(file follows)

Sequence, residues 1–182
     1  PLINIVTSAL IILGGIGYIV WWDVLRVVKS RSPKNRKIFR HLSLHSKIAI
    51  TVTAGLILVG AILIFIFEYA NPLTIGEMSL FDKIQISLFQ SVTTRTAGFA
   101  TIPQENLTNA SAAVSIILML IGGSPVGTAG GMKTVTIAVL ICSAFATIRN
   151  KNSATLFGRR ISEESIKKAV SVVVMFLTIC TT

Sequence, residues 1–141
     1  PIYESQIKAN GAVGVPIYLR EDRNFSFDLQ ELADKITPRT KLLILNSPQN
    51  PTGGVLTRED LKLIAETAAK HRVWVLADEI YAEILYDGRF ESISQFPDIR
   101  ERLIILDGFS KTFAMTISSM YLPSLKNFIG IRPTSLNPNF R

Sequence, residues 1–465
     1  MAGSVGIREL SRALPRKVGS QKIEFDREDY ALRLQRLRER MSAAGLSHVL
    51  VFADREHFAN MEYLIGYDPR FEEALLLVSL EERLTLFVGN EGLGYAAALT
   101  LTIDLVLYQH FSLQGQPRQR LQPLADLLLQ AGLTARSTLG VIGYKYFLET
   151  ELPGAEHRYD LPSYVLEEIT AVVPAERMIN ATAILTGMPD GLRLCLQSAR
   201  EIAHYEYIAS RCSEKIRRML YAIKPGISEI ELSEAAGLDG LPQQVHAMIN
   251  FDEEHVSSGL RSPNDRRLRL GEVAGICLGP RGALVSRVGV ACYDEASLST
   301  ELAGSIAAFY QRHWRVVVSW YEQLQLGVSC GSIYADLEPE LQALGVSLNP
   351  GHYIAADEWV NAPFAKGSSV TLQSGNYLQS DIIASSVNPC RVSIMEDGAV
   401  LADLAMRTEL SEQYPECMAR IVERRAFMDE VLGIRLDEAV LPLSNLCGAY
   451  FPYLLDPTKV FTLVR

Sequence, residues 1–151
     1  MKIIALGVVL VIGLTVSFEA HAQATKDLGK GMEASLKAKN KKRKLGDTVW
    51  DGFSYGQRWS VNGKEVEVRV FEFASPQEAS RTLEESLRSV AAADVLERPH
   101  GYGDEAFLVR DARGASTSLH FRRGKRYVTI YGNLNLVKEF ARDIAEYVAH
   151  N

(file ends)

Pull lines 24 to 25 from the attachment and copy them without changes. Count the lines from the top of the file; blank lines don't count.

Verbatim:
   101  GYGDEAFLVR DARGASTSLH FRRGKRYVTI YGNLNLVKEF ARDIAEYVAH
   151  N